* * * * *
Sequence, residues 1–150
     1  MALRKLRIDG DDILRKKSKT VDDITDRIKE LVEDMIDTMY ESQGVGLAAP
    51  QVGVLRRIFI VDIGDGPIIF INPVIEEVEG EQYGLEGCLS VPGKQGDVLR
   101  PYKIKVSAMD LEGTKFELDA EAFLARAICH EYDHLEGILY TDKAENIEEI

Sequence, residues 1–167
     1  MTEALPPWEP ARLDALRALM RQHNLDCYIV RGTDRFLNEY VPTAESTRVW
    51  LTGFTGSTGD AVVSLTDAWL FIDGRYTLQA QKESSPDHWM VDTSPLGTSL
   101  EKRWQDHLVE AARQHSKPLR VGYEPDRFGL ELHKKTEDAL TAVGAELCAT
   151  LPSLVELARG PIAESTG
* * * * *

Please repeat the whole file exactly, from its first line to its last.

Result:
Sequence, residues 1–150
     1  MALRKLRIDG DDILRKKSKT VDDITDRIKE LVEDMIDTMY ESQGVGLAAP
    51  QVGVLRRIFI VDIGDGPIIF INPVIEEVEG EQYGLEGCLS VPGKQGDVLR
   101  PYKIKVSAMD LEGTKFELDA EAFLARAICH EYDHLEGILY TDKAENIEEI

Sequence, residues 1–167
     1  MTEALPPWEP ARLDALRALM RQHNLDCYIV RGTDRFLNEY VPTAESTRVW
    51  LTGFTGSTGD AVVSLTDAWL FIDGRYTLQA QKESSPDHWM VDTSPLGTSL
   101  EKRWQDHLVE AARQHSKPLR VGYEPDRFGL ELHKKTEDAL TAVGAELCAT
   151  LPSLVELARG PIAESTG